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Lao private sector eyes benefits of Laos-China railway

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The first passenger train to run on the Laos-China railway arrives in Lao capital Vientiane on Saturday. VIENTIANE TIMES

Lao private sector eyes benefits of Laos-China railway

The Laos-China railway could be a game changer for the development of Laos but the government must have a clear plan on how to maximise the advantages offered by the $5.9 billion railway, a prominent Lao businesswoman has said.

Lao National Chamber of Commerce and Industry vice-president Valy Vetsapong told Vientiane Times on October 18 that the railway will have a significant impact on Laos’ economy and will provide huge momentum in strengthening Laos’ connectivity with the rest of the region.

“Many business operators will surely switch to exporting products, particularly agricultural products, using the railway as it will save both time and money.

“The railway will result in the growth of tourism, trade and investment, especially in the processing industry, with many companies being interested in setting up factories to process agricultural products for export,” she said.

When the first passenger train to run on the Laos-China railway arrived in Vientiane on October 16, many business operators were excited at the prospect of the benefits rail transport could bring.

The electrical multiple unit train, which has been named Lane Xang, was officially delivered to the Laos-China Railway Co Ltd, a joint venture based in Vientiane in charge of the railway’s construction and operation.

The 422.4km railway is expected to cut the cost of transport through Laos by 30-40 per cent compared to travel by road.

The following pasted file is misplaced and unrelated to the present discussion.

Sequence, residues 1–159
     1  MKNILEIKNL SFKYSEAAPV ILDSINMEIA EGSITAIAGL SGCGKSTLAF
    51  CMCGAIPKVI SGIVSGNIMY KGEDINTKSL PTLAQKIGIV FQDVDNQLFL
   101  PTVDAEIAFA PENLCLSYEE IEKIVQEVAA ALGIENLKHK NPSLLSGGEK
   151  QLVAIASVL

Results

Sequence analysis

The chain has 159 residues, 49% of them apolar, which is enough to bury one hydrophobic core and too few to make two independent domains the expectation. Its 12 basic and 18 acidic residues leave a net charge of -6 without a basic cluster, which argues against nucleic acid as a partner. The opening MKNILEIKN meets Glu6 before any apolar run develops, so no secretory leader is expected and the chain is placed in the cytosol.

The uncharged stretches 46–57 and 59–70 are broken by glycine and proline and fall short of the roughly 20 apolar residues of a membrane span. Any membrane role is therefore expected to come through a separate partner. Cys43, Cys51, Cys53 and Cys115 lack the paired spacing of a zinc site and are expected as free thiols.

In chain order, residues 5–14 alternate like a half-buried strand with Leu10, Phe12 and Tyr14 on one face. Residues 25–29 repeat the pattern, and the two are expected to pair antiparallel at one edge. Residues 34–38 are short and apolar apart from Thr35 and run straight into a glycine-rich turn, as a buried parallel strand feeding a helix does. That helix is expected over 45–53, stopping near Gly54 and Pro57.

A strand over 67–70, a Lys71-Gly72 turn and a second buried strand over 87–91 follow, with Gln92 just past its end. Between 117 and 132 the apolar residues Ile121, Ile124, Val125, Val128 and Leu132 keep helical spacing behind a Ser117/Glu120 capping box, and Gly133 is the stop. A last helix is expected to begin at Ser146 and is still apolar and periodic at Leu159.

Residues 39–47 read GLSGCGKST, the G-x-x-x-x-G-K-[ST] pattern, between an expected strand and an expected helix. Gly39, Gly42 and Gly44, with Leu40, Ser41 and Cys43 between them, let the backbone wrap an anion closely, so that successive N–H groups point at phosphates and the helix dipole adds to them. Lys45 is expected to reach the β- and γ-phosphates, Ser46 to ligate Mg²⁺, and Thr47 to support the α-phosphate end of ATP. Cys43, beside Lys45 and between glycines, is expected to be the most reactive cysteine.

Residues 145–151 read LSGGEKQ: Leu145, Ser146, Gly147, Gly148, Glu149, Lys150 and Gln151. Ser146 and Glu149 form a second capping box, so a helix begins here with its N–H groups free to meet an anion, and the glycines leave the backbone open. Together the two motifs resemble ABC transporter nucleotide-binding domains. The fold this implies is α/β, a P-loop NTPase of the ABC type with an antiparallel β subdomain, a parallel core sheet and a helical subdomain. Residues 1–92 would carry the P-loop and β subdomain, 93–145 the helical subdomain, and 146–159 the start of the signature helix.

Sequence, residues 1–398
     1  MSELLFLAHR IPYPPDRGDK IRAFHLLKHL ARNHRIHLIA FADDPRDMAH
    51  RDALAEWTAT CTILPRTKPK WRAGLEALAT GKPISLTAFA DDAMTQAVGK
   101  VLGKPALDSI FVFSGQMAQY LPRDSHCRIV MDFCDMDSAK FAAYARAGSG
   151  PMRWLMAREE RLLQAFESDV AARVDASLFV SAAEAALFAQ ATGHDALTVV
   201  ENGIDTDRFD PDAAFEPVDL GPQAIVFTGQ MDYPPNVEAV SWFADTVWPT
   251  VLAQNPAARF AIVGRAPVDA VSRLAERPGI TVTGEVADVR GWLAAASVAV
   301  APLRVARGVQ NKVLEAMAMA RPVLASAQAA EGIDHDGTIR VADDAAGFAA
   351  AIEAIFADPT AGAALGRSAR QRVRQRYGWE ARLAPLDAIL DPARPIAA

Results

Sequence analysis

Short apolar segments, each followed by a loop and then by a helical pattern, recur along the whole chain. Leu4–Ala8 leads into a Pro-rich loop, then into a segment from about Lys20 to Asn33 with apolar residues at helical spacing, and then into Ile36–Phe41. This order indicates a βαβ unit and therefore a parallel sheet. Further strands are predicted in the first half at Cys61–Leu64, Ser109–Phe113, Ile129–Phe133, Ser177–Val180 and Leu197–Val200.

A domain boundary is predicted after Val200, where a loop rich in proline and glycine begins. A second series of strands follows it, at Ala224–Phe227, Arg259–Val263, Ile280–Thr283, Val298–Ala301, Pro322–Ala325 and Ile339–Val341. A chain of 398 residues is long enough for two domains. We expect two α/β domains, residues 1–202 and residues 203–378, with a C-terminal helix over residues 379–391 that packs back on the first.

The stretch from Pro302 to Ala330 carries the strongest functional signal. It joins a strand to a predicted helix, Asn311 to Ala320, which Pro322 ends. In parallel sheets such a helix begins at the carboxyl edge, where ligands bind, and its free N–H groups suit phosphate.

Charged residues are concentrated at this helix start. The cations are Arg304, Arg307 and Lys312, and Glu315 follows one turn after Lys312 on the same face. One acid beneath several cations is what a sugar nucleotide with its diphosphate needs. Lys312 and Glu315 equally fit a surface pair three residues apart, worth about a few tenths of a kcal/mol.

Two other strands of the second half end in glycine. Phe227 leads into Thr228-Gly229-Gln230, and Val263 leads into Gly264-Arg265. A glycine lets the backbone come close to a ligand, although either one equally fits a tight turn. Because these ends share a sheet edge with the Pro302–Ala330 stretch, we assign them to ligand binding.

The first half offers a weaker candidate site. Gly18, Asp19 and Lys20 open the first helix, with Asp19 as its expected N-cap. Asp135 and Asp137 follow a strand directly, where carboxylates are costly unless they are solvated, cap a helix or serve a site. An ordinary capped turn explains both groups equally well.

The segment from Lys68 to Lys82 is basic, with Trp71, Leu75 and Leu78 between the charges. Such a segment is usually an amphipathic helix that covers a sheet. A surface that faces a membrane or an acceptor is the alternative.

Travel between Kunming and Vientiane over a distance of 1,022km is expected to take less than 10 hours, compared to 30 hours by bus, according to China Daily.

Laos’ tourism industry is expected to benefit greatly from the expected rise in rail passenger traffic.

Following the opening of the Laos-China railway in December, the development of secondary infrastructure is expected to take place along the railway corridor.

Valy said businesses are keen to learn more about the government’s plans for development along the railway corridor so they can come up with plans and strategies that will tap the potential offered by the railway.

When more information is provided, Lao business operators will be well placed to study investment opportunities and consider joint ventures with other business partners when the railway comes into service.

Valy said the government should carefully consider tax exemptions for railway-related projects as this could be of real benefit to the nation.

Trade facilitation is also essential to ensure the smooth transport of goods along the railway corridor.

The Laos-China railway is a strategic part of China’s Belt and Road Initiative and Laos’ plan to use its landlocked status to become a land link within the region.

Construction of the railway began in December 2016 and is scheduled to be complete and operational in December.



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